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As I have mentioned, I am old. I am so old I was in high school when President Kennedy was shot. Being of a curious sort, I have read magazine articles, books, etc. and watched numerous documentaries on the topic as it sounded as if there were more than met the eye. Having said that I also felt that we had learned as much as there was to learn about this matter, so case closed.

Boy, was I wrong.

The documentary “The Grassy Knoll” published in 2020 is available on Amazon Prime streaming service. It is long and it drags in the middle third, but if you have to skip something, skip that middle third, do not skip the beginning and end.

I learned so many things from this documentary. First, the sources aren’t just some muckraking book writers. The people featured were ex-FBI agents, ex-CIA assets, and ex-legal staff who actually played a role in the investigation. These are not some quick “make a buck” types. They showed primary documents and got people to speak who had remained silent for decades.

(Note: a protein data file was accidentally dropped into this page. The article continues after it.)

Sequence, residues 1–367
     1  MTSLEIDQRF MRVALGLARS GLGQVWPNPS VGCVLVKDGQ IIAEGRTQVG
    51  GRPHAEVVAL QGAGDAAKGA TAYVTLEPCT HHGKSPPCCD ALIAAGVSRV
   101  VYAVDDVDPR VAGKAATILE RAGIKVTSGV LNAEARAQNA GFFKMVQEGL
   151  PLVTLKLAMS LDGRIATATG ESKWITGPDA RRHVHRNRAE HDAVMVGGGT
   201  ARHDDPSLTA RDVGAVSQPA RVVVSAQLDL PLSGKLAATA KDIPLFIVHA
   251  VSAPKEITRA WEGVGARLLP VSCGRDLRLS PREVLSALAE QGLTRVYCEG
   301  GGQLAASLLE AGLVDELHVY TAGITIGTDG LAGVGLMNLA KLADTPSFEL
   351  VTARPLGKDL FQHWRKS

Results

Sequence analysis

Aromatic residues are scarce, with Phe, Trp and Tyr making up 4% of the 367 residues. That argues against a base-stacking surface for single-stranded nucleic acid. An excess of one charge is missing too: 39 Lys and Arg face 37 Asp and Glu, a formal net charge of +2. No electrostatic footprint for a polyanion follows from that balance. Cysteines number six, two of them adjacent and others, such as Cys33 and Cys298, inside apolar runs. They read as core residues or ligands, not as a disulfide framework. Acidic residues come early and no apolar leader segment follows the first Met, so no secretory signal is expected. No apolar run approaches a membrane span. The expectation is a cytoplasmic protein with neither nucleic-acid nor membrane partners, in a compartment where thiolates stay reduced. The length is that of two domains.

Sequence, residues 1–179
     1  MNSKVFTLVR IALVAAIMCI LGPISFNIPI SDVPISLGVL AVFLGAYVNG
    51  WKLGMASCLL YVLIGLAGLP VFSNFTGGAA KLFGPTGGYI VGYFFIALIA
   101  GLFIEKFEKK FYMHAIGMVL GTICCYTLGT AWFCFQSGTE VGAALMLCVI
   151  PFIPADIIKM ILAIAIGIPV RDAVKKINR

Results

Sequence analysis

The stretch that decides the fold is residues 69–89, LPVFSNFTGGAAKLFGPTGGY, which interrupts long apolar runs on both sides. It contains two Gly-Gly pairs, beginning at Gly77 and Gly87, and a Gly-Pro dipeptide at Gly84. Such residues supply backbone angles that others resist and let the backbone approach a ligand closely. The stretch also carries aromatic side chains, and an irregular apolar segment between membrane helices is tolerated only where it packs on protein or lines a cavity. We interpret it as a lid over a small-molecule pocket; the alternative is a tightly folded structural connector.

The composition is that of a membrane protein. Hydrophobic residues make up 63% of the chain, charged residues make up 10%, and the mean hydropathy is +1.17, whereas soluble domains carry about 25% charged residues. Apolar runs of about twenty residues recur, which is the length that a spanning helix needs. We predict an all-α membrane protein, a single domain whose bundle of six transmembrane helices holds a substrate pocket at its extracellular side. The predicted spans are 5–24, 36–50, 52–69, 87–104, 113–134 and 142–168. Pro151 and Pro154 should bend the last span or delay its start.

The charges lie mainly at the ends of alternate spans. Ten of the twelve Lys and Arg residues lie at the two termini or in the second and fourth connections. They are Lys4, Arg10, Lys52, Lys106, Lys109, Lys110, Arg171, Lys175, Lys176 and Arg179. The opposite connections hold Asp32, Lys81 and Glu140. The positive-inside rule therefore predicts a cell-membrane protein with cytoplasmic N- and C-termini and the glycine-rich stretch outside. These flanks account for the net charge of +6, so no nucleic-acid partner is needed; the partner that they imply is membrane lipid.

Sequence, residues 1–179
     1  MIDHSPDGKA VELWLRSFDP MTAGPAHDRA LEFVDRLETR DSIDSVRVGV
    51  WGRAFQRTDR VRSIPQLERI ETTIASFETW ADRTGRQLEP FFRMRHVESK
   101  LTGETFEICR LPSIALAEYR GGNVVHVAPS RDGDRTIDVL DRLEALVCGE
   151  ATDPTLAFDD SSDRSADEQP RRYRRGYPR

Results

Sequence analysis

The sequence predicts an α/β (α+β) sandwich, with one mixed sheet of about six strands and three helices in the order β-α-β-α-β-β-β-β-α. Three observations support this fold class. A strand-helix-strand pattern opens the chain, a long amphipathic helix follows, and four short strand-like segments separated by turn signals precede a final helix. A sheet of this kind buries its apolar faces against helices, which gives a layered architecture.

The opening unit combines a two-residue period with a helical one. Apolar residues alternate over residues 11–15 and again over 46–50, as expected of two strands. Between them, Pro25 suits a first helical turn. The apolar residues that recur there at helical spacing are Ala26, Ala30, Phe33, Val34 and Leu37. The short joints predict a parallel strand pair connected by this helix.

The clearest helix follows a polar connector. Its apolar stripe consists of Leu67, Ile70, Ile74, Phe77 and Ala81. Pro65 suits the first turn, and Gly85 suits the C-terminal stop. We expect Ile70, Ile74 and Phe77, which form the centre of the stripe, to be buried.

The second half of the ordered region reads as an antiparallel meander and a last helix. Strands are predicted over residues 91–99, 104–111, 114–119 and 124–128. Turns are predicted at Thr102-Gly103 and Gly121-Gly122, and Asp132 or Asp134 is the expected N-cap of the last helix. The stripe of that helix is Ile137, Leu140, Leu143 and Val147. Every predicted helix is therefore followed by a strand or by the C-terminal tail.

I will give you one tease. Have you ever felt that Lee Oswald was set up as a fall guy? Outwardly it looks so, but looks can be deceiving. One of the things this group dredged up is the original examination of the gun found in the school book depository. When the officials in Washington, D.C. opened their investigation, they requested all of the physical evidence be sent to them from Dallas. With the gun came a report. The report clearly stated that there were no fingerprints found on the gun, on the gun’s telescopic sight, on the magazine in the gun or on any of the remaining bullets in the magazine. Clearly they were thorough. The physical evidence was examined and sent back to Dallas in 24 hours. When the Warren Commission made its report the FBI’s report showed the gun had Oswald’s fingerprints upon it. Interesting point of fact, by the time the gun got back to Dallas, Oswald was dead, never having been charged officially as the assassin. Either you have to believe in miracles or . . . well, two FBI agents got a private interview with Oswald’s corpse in the Coroner’s Office, which apparently was the case.

If you are still interested in getting closer to “what really happened” this documentary will get you closer, much closer. (Hint: they actually interviewed the guy who made the kill shot.)